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Some car makers in Germany are struggling with lower demand from European clients with big firms such as Daimler and Ford letting go hundreds of temporary workers to ease the pressure, local media reports this week.
It has been reported that a Ford plant in the South-western town of Saarlouis is cutting temporary posts because of a slowdown in the European automobile market.
The public broadcaster, Saarländischer Rundfunk, claims that Ford will axe 200 temporary jobs by the end of the year although the firm has so far only confirmed cutting 80 posts. Weaker demand is to blame as Ford is reducing car production levels from 1 November to 1,530 cars a day from 1,670.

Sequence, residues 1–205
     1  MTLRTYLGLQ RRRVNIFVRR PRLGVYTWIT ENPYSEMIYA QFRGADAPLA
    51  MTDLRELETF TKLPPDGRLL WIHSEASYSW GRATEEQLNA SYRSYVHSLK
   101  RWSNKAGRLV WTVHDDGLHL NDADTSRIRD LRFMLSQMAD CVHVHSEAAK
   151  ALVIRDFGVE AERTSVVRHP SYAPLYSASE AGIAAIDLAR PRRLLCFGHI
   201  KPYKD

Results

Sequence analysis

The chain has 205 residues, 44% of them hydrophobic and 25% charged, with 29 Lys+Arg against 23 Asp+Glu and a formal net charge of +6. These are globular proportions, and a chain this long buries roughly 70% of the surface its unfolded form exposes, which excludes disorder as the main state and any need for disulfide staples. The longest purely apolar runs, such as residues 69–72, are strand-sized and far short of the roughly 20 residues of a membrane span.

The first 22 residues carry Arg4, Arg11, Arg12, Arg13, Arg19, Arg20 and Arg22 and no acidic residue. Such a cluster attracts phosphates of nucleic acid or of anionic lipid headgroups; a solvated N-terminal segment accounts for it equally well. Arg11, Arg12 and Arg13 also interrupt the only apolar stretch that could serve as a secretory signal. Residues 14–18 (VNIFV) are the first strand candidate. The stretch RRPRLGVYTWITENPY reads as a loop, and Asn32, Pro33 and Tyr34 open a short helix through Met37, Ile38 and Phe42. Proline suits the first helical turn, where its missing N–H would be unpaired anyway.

Daimler has also been reported to have slashed temporary jobs in Stuttgart-Untertürkheim where the car maker is presently using 720 temporary staff. Daimler will not renew the contracts of around 300 temporary workers because of austerity measures, according to a report in Stuttgarter Nachrichten.
Last week the German car manufacturer Volkswagen announced plans to take on nearly 600 temporary agency workers on a permanent basis at one of the firm’s largest national plants. This followed mainly strong international demand from the US and China although the firm admitted that European sales have been lagging behind.
The car manufacturing industry is one of the most important sectors for the German staffing market. The metal and electrical industry is increasing pay rates for agency workers from 1 November, following a landmark collective agreement earlier this year.